Do it by living like Jesus. Then you won’t have to say much of anything, even on a church sign.

If My Anxiety Made a To-Do List

ToDoList

jokideo.com

I like and despise To-Do lists. I like them, because I feel all accomplished and put together like a real adult should when I check lots of things off of them. I despise them, because I often forget most of the things on them or find new things to add, which makes me feel less accomplished, less put together, and less “adult.”

And then I wondered what my “anxious self’s” To-Do list would look like, because I wonder if part of the reason my own To-Do list seems so long and overwhelming is due to her inserting extra things in there for me to do. If the anxiety in me actually wrote out my To-Do list, I think it would look a little bit like this:

  • Wake up.
  • Think about whether or not you’re dreading anything.
    • If you find nothing to dread, start dreading something ASAP.
    • If you remember what you’re supposed to dread, begin dreading immediately. It will be the thought that constantly pops in and out of your head today.
  • Get out of bed.
  • Prepare breakfast.
    • If you’re having cereal, fret about all the sugar and carbs you’re consuming, which will one day inevitably manifest into diabetes.
    • If you’re having something more nutritious and full of protein, like eggs, mope about the fact that you’re being healthier when you could be having sugar.
  • Go on the internet while you eat. Why just fill up on calories when you could also fill up on comparisons with people on Facebook and news clips you missed last night?
    • Facebook comparisons: Immediately freak out over how put together the lives of all your friends from college are. How could it possibly be that you graduated with these people, and they are already so much better than you?
    • News clips: Begin bearing the weight of the world on your shoulders. Reflect on how you haven’t used your power and privilege to make things better for others. Think about how you haven’t written to your government representatives to remind them to look out for their people. This is obviously all on you, so why aren’t you doing anything?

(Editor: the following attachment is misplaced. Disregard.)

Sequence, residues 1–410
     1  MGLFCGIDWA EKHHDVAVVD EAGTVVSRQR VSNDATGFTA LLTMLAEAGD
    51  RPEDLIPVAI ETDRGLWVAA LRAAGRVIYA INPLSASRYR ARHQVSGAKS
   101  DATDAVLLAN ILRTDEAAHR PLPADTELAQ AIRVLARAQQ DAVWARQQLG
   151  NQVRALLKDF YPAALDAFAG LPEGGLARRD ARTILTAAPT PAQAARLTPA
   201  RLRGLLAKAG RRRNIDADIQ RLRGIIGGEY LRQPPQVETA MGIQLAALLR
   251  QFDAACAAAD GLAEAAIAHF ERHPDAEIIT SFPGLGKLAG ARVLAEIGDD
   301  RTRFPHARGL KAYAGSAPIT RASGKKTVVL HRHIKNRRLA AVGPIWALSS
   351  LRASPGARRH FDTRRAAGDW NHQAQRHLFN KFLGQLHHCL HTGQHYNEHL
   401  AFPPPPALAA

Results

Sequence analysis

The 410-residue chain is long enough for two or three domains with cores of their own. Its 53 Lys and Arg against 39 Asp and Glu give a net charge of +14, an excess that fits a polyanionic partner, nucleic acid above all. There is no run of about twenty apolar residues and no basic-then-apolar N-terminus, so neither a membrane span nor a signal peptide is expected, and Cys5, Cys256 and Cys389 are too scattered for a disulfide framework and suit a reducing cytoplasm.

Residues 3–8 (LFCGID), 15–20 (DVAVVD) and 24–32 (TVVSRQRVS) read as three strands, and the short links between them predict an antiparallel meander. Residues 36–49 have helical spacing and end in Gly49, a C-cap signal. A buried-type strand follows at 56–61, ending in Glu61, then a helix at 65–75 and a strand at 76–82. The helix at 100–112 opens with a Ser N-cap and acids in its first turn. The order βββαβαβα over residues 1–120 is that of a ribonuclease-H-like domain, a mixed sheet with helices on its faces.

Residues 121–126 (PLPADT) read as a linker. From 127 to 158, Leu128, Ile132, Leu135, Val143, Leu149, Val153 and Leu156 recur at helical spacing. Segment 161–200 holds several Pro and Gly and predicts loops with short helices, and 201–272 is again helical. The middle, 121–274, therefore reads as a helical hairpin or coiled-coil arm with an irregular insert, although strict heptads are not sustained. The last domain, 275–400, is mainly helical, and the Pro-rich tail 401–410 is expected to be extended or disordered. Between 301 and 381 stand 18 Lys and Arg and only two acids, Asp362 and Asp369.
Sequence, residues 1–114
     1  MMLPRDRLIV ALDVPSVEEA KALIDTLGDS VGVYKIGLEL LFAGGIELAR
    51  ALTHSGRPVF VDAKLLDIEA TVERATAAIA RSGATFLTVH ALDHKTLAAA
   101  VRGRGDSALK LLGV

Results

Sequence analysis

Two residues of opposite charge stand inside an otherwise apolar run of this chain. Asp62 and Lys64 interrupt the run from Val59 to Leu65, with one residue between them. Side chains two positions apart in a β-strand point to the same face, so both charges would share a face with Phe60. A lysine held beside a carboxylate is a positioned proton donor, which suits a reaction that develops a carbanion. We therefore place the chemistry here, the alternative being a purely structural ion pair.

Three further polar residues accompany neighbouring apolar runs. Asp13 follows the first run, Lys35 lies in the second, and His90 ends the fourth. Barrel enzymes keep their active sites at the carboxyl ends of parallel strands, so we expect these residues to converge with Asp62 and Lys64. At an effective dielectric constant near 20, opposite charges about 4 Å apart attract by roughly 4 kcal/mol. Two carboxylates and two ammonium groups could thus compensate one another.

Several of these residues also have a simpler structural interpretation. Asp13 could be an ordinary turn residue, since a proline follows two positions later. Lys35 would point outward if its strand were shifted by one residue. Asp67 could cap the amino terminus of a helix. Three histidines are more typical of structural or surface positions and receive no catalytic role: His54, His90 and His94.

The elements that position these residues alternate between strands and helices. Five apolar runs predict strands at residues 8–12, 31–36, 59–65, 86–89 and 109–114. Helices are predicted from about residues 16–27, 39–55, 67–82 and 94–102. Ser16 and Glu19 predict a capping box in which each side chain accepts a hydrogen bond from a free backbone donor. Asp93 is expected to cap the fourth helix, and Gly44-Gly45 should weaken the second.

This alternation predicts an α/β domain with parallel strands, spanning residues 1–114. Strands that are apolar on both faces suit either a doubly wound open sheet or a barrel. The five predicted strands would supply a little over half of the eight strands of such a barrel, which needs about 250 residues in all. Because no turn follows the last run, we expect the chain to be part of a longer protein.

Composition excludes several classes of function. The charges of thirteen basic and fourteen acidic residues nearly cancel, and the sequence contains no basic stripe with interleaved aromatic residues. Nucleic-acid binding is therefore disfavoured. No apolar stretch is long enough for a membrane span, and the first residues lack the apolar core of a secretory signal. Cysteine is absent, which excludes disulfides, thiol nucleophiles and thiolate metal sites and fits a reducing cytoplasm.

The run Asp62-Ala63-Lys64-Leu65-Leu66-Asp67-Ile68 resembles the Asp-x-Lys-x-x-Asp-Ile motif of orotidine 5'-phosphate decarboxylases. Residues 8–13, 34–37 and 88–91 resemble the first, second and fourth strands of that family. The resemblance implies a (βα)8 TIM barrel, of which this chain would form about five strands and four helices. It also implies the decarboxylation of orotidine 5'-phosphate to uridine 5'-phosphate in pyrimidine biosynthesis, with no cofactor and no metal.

• Close the computer and put your dishes away.
  • Get dressed.
  • Triple check your backpack and lunch bag to make sure you’re not forgetting anything. Forgetting things makes you look like an idiot in front of everyone, and they don’t like you when that happens.
  • Get in the car and drive to school.
    • Ponder how harshly people would judge your music choices as you switch through the radio channels.
  • Arrive at seminary and pray you’ll either have no questions to ask, or at least pray that someone will listen to them.
  • Attend chapel.
    • Be inspired if no one uses any “churchy” language that triggers you.
    • Be pissed off and distant if someone does, because they meant it as an attack on you and your faith journey.
  • Eat lunch.
    • If there’s easy going conversation about common interests, relax and enjoy! I’ll cut you a break for that!
    • If the conversation veers into politics and theology, begin sweating and looking for possible escape routes. By no means should you share your opinion if it completely clashes with the group or the dominating voice.
  • Begin classes.
    • Wallow in your own sense of stupidity when you translate Hebrew as a class and you realize one or two words you swore you translated right are incorrect. Even though this has no effect on your grade whatsoever, freak out about how badly you’re going to fail this class as a result.
    • Mentally smack your head against the desk repeatedly when you discuss issues facing the church with others, because when they share their opinions, you are obviously being singled out and attacked for having a more postmodern point of view, and your questions, doubts, and struggles obviously mean nothing. Remember that no one is here for you and no one understands you.
  • Drive home pondering these thoughts and more. Your energy is OK, but it’s starting to fade, so be disappointed in yourself for not always being “high.”